dont mean to hijack your thread FP

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    Image Melbourne do cheap 160w Strobes from under $100 each
    Yes you'll still need stands, softboxes etc etc (it never ends really)

    Cheap and plastic, not really the kind of power some would have you believe you need
    but for a small environment the perfect low cost learning tool

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    so 160W is low end, whats a good wattage to aim for I realise get the best you can afford then some,
    would two 160's work with one s/box and one reflector for single person portrait for example? The more I read about these the more i get confused.

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    160ws is enough for indoors but you'll be shooting full power.
    I would go atleast 300ws+ for indoors and outdoors 600ws+

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    Would that kit from eBay really be that bad?
    One of these energy saving type globes light up the rooms in my house quite well with only 20watts so based on that I would have thought 15X45watts would be plenty to light up a model against one wall. And you could place them close enough without them being in the frame because they done emit nowhere near the heat of flood/incandescent type globes. The globes offered come in daylight colour temp too. On the page the seller has written 15X45=225 and thats way off 15X45 is 675watts so either they are actually 15w globes or they cant add up but even 225w of these high efficient globes would be pretty bright but 675w worth would be blinding.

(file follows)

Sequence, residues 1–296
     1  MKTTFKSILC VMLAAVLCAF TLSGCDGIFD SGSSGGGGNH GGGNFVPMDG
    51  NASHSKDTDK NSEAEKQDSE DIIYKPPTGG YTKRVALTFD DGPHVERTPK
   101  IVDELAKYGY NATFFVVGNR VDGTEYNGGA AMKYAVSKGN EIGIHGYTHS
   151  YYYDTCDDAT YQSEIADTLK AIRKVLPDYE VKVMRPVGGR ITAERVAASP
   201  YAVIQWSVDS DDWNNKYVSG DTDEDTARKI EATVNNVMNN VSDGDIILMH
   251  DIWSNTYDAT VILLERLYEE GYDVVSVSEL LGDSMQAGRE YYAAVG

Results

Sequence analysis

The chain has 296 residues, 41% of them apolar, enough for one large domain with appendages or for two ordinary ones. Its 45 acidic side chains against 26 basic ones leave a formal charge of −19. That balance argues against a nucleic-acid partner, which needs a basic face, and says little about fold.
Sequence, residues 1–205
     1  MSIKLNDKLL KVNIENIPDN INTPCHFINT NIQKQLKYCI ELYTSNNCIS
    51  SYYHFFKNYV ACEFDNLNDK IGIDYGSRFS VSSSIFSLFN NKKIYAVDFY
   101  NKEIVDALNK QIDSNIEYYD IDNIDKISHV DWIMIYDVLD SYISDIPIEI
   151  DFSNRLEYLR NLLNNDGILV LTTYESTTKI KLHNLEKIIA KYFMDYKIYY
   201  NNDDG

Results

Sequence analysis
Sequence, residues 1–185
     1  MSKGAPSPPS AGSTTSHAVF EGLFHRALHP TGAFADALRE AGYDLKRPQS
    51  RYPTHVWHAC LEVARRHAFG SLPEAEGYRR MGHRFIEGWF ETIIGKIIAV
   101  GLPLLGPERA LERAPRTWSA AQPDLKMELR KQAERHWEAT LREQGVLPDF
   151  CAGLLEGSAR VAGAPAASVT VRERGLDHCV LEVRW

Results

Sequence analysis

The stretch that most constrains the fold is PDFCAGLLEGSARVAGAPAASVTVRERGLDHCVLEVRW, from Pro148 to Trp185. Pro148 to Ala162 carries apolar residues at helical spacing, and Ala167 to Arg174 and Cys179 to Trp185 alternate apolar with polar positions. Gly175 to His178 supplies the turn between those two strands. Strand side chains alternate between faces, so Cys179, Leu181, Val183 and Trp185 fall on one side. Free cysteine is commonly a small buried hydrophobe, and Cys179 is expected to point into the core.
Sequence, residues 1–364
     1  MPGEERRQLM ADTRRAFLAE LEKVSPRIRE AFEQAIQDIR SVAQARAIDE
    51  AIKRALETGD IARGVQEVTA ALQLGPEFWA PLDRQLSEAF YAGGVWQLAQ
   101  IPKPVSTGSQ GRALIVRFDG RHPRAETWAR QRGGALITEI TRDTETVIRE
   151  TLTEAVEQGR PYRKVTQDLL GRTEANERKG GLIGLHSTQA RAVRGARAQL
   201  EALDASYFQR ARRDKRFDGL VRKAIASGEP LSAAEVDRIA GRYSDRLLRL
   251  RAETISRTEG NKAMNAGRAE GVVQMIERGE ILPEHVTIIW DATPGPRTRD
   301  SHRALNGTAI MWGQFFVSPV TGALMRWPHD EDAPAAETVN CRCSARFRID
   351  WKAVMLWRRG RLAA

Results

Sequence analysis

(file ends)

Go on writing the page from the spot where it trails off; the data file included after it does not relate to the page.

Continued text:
I have zero experience with lighting setups so I could be missing something completely here but to me for the price including 3 light stands and softboxes (which with 675w you would probably need) it seems very cheap. Has anyone tried a setup like this?
    Justin

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    you need to remember Topgunn our eyes are far more advanced than cameras. What we see isnt what the camera sees. Those bulbs might provide what looks like a well lit room, but it still doesnt appear very light at all to the camera.

    Ive seen pros use those bulbs as continuous lights for modelling lamps etc but certainly not for their actual lighting setup. You need to make sure you have daylight adjusted bulbs too.

    I think each head could only accept 4 bulbs, so thats only 60W per head. Thats really not going to give you much power at all and you will find your still shooting as if you were outside after sunset. High ISO levels, wide open apertures, and very slow shutter speeds. No point to having it there.


    Heres my tip, buy a couple of reflectors (5 in 1), and buy a hot-shoe flash. Two if you can afford it(capable of being triggered by the on camera flash). As a pentax user im not sure on what the best flash solution for you is.
    Brodie Butler (Perth, WA)
    Photographer / Filmmaker / Retoucher
    Canon & Elinchrom user

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    some of u guys need to understand that the lower the wattage ie. 160WS - it will take a lot longer to recycle before the next shot can be taken - because of its weak output u will probably have to shoot at maximum power of 160WS, and the long pauses between shots for studio shoots can be quite off putting.

    I would just pay more and buy something at 400WS minimum.

    With the continuous lighting pros like myself do not use it much unless to create ambient lighting or special effects, continuous lighting can never replace or be able to replicate the sudden intensity and accuracy of a studio strobe - not to mention u will blind the model and yourself when u try to replicate the same intensity.

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    Thanks Brodie that makes alot more sense to me now. I wasnt actually going to purchase one I just wanted to know why it wouldnt work. I now understand it a lot better. I am actually getting a p-ttl flash (something like a sigma 500/530DG super) and a YN-460. I dont ever see myself doing a lot of studio/portrait work so they should do me fine. Thanks for clearing that up for me. I now understand (from what JM Tran said) about the intensity needed and how blinding that would be if it was a continuous light.

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    as above, thanks for explaining things in a good easy to understand way...
    *puts the piggy bank back on the shelf for a bit longer *